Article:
Keeping directory tree without files

I need to keep and empty directory tree for some path, how can I do that with exclude list, is it possible ?

A good example is done with rsync at


I’m not entirely sure what you want to achieve. If you want to archive a directory like /home/user/foo without its contents, use --exclude "/home/user/foo/*" (mind the quotes so that the shell won’t expand the pattern). Restic’s include/exclude rules are rather basic at the moment.

Can you give us an example what you’re trying to do?

The problem is if I --exclude “/home/user/foo/*”
I also exclude all directories inside foo (no ?),

what I would like is to be able to precise that I want to keep
without any file in any level of the hierarchy.
I would like to keep only the directory tree for these directories.

I think this can be achieved with a workaround. Copy the folder structure to a special directory and backup that directory.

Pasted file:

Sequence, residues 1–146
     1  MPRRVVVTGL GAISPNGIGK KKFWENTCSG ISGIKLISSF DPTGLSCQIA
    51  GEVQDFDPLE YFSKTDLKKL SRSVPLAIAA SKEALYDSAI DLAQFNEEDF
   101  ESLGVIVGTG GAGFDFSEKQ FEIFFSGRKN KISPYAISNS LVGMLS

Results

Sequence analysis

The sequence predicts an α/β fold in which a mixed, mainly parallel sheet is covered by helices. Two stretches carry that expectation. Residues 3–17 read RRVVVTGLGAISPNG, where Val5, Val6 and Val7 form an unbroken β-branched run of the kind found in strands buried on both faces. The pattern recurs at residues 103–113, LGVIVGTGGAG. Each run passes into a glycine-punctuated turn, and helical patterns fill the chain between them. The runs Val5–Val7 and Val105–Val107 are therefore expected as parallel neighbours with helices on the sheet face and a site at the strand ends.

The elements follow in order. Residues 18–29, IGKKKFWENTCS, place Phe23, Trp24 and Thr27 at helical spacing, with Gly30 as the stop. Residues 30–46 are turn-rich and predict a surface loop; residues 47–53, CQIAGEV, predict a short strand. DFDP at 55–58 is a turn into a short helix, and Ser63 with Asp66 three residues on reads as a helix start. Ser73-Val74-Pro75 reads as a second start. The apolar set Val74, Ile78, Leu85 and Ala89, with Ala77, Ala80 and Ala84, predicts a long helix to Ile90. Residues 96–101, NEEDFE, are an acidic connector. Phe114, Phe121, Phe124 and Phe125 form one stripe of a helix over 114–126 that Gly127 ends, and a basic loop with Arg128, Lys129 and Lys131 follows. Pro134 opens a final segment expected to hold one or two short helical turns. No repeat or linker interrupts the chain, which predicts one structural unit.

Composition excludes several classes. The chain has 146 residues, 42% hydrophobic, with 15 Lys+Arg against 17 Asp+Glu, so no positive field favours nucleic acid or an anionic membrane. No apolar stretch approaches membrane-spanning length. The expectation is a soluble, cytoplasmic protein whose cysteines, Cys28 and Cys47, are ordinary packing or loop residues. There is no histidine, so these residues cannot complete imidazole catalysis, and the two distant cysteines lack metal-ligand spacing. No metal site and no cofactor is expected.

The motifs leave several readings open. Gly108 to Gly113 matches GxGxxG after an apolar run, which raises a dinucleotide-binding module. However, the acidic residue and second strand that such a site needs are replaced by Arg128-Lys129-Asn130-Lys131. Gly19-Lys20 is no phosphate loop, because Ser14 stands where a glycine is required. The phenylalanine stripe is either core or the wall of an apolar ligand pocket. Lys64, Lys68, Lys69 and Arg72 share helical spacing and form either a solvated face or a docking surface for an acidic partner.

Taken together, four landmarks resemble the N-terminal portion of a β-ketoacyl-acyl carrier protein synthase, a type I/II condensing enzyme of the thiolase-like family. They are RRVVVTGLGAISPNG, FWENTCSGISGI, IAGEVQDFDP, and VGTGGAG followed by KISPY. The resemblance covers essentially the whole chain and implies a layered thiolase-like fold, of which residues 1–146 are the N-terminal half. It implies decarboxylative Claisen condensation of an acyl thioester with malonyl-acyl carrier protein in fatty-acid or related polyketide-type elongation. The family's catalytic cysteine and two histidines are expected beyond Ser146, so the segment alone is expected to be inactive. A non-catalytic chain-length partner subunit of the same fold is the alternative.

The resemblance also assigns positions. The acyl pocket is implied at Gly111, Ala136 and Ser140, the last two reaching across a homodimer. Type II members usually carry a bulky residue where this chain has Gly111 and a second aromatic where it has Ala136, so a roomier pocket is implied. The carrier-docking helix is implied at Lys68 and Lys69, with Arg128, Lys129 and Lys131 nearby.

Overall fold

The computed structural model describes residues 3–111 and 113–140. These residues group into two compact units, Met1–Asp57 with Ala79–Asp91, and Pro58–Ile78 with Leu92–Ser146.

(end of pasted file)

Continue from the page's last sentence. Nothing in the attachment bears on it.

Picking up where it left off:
See this link for examples to do this: how to copy the directory structure without the files

Thanks, your answer at least it tells me I didn’t miss an option of restic which makes it an easy play.

If I have to script it I can also, for example, do a find -type d before backup put the result in a file and, when time of restore comes, don’t forget to do mkdir on each line of the file.
But that’s not elegant, as my aim is to be able to restore without thinking about what will or will not work. Imagine the restore comes a few years after the backup and I completely forgot about this file or about your deported directory tree that has to be moved back on its right place…

Perhaps it’s possible using a combination of excludes and includes, but if the tree is deep or has many dirs, that makes it also a pain in the a…

Wouldn’t it be a nice thing to have the option in restic options ? I mean a --only-dirs option for example…

That’s correct. At the moment, you can’t do that with restic…

While it would be nice (for you in particular) to have this feature, I doubt that it’s so useful for the vast majority of users. So I must say I’m not convinced that it’s a good idea to add this. Sorry about that :slight_smile: